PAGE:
Matthew Leach of MLB.com noted last July that the new qualifying offer system was impacting how teams were approaching rental players. Teams that trade for a player aren't allowed to make that player a qualifying offer at season's end, making it more risky for a team to give up the farm for a top-flight player. Unlike in years past, there's no compensation for said player if he walks as a free agent.
But this didn't stop the Los Angeles Angels from rolling the dice on a trade for Zack Greinke, who was easily the best pitcher available at the deadline last year. To get him, the Angels surrendered their top prospect, shortstop Jean Segura, to the Milwaukee Brewers.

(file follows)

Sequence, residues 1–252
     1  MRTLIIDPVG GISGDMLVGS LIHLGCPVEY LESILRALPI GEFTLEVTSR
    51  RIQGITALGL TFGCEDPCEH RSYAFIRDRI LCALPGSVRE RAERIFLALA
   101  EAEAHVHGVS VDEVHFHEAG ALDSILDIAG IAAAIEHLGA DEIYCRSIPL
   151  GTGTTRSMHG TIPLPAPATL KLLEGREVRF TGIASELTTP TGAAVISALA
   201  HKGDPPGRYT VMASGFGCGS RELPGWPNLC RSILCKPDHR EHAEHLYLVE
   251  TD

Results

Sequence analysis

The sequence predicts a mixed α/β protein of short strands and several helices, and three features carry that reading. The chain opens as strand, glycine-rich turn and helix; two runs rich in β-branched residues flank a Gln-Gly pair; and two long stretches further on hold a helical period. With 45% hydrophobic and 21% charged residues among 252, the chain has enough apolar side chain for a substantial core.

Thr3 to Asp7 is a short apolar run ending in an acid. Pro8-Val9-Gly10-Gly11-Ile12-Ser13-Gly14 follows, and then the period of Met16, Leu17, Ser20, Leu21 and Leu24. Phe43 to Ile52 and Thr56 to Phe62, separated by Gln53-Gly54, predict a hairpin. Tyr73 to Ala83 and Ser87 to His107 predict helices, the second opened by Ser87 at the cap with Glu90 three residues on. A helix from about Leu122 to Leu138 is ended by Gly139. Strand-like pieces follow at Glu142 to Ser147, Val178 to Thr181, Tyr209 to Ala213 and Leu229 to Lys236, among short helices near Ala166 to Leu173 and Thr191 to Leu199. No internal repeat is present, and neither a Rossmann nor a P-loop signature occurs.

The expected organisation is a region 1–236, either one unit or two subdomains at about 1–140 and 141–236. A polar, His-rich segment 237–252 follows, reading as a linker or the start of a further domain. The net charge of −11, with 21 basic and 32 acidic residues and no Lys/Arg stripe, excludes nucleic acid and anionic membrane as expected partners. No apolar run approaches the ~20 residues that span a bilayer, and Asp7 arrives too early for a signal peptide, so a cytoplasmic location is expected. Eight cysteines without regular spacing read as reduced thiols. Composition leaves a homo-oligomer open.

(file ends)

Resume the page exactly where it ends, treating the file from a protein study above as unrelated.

The deal has panned out pretty well for the Brewers. It didn't take long for Segura to get the call to the majors last August, and so far this year he's a .359 hitter with an .890 OPS.
Had the Brewers chosen to hold on to Greinke, the qualifying offer they would have gotten for him would have yielded a compensatory draft pick that would have taken a few years to pan out. By choosing to deal him instead, they ended up with a young everyday shortstop who could be an All-Star for them this year and the year after that and so on.
If the Brewers could get such a good young player for Greinke, a guy who was only going to help the Angels down the stretch every fifth day, just imagine what the Yankees could get for everyday, star-level players like Granderson and/or Cano.
Either one of them could fetch the Yankees a top prospect at the deadline. If he keeps hitting like he's hitting now (.333/.390/.653), Cano would be able to fetch the Yankees an elite prospect in a trade, one who the Yankees could groom for everyday action in 2014 just like the Brewers did with Segura.